This Week in Ford Racing July 9, 2002 NASCAR Craftsman Truck Kyle Busch, the 17-year-old brother of Winston Cup driver Kurt Busch, had to put his NASCAR career on hold last December when an age limit was announced for competitors of ...
This Week in Ford Racing
July 9, 2002
NASCAR Craftsman Truck
Kyle Busch, the 17-year-old brother of Winston Cup driver Kurt Busch, had to put his NASCAR career on hold last December when an age limit was announced for competitors of NASCAR-sanctioned events. Busch, who competed in six Craftsman Truck Series events in 2001 before sitting out the season finale at California Speedway, will not meet the 18-year-old age requirement until May 2, 2003, but rather than sit on the sidelines waiting for that day to approach, Busch moved to Hicksville, Ohio, with his father, Tom, to continue his racing career. Busch is currently competing in ASA competition in the unsponsored No. 07 Ford leased by Roush Racing. With a season's-best fourth-place finish three weeks ago at I-70 Speedway in Odessa, Mo., Busch currently sits ninth in the point standings after 10 of season's 20 events. Busch spoke about how the NASCAR-mandated age restriction has affected his racing career and what he hopes to gain from the experience.
KYLE BUSCH-Roush Racing-
YOU HAD TO CHANGE YOUR RACING PLANS IN DECEMBER WHEN NASCAR PUT AN AGE RESTRICTION ON ITS COMPETITORS. TALK ABOUT WHAT HAS HAPPENED SINCE DECEMBER.
First of all, last year we got kicked out of the trucks, somewhat, so basically we had to find something for us to do, and Roush came across this ASA deal with Noah Yoder here in Hicksville, Ohio. We're trying to get the best results we can out of this thing and we're working the hardest that we can. We have a shop set up in the back of Noah Yoder's Ford dealership and my dad and my crew chief from Las Vegas all moved out here. I also have another guy here helping out and couple of part-timers, but that's pretty much it. Last year, in my mind, I wanted to race trucks this year, so I planned on graduating high school a year early and did so, and all of those plans were thrown down the drain last year around December. This was the best opportunity we could find in the short amount of time we had between December and February. Now that we're here, we're trying to do the best that we can."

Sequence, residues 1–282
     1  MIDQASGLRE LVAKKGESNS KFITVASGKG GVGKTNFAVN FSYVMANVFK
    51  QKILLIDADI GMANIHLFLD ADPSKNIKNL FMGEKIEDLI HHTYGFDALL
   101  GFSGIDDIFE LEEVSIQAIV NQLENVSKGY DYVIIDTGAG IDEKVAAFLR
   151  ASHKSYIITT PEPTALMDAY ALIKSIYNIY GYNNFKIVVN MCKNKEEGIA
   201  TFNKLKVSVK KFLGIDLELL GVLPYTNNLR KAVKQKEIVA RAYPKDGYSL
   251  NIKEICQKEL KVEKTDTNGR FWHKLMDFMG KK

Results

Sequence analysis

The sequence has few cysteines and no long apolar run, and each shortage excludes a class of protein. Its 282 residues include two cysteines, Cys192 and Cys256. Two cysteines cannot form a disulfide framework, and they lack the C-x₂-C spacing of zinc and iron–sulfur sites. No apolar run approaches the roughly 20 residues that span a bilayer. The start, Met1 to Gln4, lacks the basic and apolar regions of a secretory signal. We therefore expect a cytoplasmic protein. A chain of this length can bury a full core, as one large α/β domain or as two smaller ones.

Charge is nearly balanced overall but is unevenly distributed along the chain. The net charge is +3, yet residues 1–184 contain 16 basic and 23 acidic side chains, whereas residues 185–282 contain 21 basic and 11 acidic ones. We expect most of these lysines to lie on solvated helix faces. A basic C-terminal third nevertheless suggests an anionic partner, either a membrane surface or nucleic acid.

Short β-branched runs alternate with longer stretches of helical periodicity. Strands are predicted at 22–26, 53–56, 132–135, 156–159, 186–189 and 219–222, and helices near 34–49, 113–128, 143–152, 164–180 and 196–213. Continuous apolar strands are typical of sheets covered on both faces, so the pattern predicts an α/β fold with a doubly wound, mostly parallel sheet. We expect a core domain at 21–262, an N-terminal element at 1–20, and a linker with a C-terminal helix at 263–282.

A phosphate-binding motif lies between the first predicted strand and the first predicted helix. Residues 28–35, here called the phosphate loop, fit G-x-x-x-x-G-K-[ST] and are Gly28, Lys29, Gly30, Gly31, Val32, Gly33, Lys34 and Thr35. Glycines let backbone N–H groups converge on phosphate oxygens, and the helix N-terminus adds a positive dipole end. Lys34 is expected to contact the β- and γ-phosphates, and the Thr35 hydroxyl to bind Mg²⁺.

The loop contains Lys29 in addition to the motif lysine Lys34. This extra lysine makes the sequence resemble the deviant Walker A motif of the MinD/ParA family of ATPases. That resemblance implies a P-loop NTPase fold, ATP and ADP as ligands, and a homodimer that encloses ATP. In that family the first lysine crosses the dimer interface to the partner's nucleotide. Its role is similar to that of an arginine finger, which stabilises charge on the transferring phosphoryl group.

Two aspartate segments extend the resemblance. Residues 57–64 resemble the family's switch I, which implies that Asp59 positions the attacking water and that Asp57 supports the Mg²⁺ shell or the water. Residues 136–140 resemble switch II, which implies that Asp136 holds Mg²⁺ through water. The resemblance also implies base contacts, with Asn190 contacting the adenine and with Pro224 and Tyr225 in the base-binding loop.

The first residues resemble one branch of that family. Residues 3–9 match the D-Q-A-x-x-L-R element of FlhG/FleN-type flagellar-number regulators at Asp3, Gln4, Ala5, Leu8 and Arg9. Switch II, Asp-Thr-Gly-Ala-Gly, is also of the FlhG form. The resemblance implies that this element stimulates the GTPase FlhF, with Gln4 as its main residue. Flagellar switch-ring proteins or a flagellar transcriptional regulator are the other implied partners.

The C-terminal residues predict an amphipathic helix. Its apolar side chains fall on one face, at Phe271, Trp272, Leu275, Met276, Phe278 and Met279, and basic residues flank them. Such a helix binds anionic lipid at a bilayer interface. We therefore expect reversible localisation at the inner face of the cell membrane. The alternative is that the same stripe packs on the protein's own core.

WHAT DO YOU THINK YOU CAN LEARN FROM SPENDING A YEAR IN ASA?
Any experience is good experience to have. I've got my crew chief, Jimmy Parker, and he knows way more than I think most guys would think, so he's helping me a ton to learn about these things and learn what types of changes need to be made and when. We're running fairly decent and we have our new car right now. We're trying to get it done, get it ready to go for this weekend's race in Jennerstown (Pa.). This is somewhat like the Legends operation we had last year. My dad and I were pretty much the head of the team with Jimmy just behind us. We're learning a lot of what to do and what not to do by trial and error. It takes time to get used to a new type of car both from the driver's side and crew chief side of things, but I think we're making good progress."
HOW HARD HAS IT BEEN TO ADAPT TO THE ASA CARS COMPARED TO THE NASCAR TRUCKS?
The trucks are a lot less forgiving than a car and I don't think it matters what series you're talking about. The trucks just have less downforce and that makes them a lot harder to handle, and I'd rather be in trucks this year than ASA. Obviously, the truck series is a step higher and a step closer to Winston Cup, but since we are here in ASA we're trying to find those things that are similar so that we can use that when we get back in the trucks next year. We're racing 3,000-pound cars with radial tires in ASA, just like the truck, except the trucks are 3,400 pounds. Basically, the mentality of the car with radial tires and the mentality of the truck with radial tires are somewhat the same. You have to go about the changes the way that you would on a truck instead of a Late Model, and that's where we're still learning what those changes are."